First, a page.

Saturday, April 26, 2008

Lemon Tartletts

In 2004 I had a grand vision of growing lemons in the back yard of my apartment building, and producing so much fruit, I’d be able to put the lemons in a big basket at the front steps and share them with everyone that lived around me.

So I went to the plant nursery near my mother’s house and bought myself a young lemon tree. The tag said it would fruit three seasons of the year. This was very exciting news! I took the tree home and planted it on a mound of dirt in the corner of the back yard, which was theoretically communal, but which was only used by me.

Each morning I came out onto my balcony and surveyed my fledgling lemon tree, and was overjoyed when it sprouted some blossoms. My dream of an abundance of lemons was on its way to coming true!

Some weeks later I was entertaining friends from France. As I pointed proudly to where my lemon tree should have been, I was horrified to discover there was nothing left of it but a stick of a stump. Some person had cut my lemon tree off below the graft, unceremoniously ending my dream of a fruiting lemon tree, not just for myself, but everyone in my building.

Of course I overflowed with outrage. How could such a thing happen? I had left the lemon tree name tag on it so it couldn’t be mistaken for some noxious weed. In a place that was relatively barren, my attempt at nurturing life had been prematurely and maliciously cut short. It never fails to astound me how stupid and senseless people can be sometimes.

I never found out who committed that despicable act, although I have my suspicions. I reported the crime to my best friend and her parents, who surprised me at my wedding by delivering a beautiful dwarf lemon tree to my husband and I when we returned home from our honey moon. They were clever enough to plant it in a massive pot so our new lemon tree could sit protected on our balcony, and be transported with us where ever we go. I’m yet to supply the new building I live in with lemons from that tree – but I treasure it all the more for having seen its predecessor cut down before reaching prime. When you live in a city, it’s good to grow things and to nurture them, and to remember that even if your dream does get cut down, you simply plant it again and grow it until it comes true.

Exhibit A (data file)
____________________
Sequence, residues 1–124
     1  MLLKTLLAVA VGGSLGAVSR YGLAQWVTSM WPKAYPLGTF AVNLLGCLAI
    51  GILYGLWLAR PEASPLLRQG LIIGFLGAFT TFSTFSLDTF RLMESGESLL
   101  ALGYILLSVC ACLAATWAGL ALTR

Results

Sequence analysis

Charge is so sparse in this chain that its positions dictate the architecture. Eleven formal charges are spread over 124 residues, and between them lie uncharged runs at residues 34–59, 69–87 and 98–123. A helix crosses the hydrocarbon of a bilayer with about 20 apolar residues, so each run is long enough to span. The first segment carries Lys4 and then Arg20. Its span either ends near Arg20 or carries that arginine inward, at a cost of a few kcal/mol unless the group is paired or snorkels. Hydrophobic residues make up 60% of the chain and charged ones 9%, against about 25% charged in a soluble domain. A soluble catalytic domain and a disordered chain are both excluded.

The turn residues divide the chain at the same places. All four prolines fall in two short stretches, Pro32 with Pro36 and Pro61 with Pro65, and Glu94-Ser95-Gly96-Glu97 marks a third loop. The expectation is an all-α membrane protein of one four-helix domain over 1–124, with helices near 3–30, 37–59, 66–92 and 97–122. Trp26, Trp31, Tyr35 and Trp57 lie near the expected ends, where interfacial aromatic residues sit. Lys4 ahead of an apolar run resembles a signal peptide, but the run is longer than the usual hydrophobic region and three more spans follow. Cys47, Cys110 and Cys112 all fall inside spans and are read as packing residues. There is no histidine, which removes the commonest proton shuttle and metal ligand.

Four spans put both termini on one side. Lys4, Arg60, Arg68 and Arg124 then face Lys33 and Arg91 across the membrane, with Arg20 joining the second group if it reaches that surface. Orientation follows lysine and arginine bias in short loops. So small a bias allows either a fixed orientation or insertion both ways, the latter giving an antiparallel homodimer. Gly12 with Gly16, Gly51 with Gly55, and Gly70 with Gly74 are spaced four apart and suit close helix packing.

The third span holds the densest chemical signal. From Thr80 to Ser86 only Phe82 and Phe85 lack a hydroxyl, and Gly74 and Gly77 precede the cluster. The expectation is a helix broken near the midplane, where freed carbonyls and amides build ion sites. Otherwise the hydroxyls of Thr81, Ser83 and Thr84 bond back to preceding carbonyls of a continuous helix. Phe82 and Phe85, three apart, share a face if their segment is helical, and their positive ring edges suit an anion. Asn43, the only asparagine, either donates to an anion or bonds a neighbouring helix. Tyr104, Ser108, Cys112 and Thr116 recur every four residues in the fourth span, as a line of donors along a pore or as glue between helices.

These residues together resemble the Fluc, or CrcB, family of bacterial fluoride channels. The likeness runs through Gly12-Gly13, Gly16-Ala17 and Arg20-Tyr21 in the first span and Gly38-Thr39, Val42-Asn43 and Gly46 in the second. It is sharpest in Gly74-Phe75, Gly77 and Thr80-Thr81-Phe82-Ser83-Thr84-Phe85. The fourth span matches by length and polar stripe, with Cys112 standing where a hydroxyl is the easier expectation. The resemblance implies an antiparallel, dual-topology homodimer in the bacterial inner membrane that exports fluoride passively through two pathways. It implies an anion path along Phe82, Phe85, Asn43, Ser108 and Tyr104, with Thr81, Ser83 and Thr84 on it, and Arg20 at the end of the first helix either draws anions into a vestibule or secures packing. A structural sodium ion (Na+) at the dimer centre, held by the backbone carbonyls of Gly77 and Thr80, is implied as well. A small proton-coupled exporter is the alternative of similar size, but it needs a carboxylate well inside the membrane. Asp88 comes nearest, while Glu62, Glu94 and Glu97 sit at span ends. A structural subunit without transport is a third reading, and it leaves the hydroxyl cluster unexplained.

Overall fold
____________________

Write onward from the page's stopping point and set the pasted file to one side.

Ingredients
1 sheet frozen sweet shortcrust pastry
3 eggs yolks
200ml sweetened condensed milk
1/3 cup fresh lemon juice
½ cup caster sugar
12 curls of lemon zest

1. Cut the shortcrust pastry into rounds with a 6cm fluted cookie cutter. Gently press each round into a 12 hole gem scone pan. If it’s Teflon coated you shouldn’t need to grease the pan.

2. Cook the pastry in an oven pre-heated to 180 degrees for 6 minutes. They’ll look a little blonde, but don’t worry, there’s more cooking later.

3. Separate the egg yolks from the whites and set the whites aside. Whisk the egg yolks in a bowl until blended. Add the condensed milk and lemon juice, then mix thoroughly until all ingredients are combined.

4. Place a heaped teaspoonful of mix into each pastry case. Do not overfill! It expands slightly during cooking. Set aside.

5. Put the egg whites in the small bowl of an electric mixer and beat on heat until stiff peaks form. Gradually add the caster sugar and mix for a further three minutes to dissolve the sugar. Mixture should look silky and a little stringy (if it doesn't look like this it will shrink after baking).

6. Place heaped teaspoonfuls of the meringue over the lemon filling. Use the tip of the teaspoon to create a gentle swirl effect. Do not flatten or push the meringue – however it sits naturally is good.

7. Place the tartlets back in the oven and cook for a further six minutes or until the meringue goes a very light golden brown.

8. Allow to cool then decorate with a single strip of lemon zest and serve.

Note: this recipe actually makes enough lemon filling for 24 tartletts so if you feel like making double the number of pastry cases, go right ahead. Alternately, you can use a 12 hole patty cake pan to make your pastry cases a little bigger (so that they hold more filling).

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